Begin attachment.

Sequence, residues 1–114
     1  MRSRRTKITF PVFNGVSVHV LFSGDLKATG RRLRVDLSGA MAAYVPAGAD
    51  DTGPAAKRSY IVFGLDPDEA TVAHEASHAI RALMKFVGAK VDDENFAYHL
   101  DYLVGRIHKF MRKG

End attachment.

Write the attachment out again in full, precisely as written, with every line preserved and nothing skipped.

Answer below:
Sequence, residues 1–114
     1  MRSRRTKITF PVFNGVSVHV LFSGDLKATG RRLRVDLSGA MAAYVPAGAD
    51  DTGPAAKRSY IVFGLDPDEA TVAHEASHAI RALMKFVGAK VDDENFAYHL
   101  DYLVGRIHKF MRKG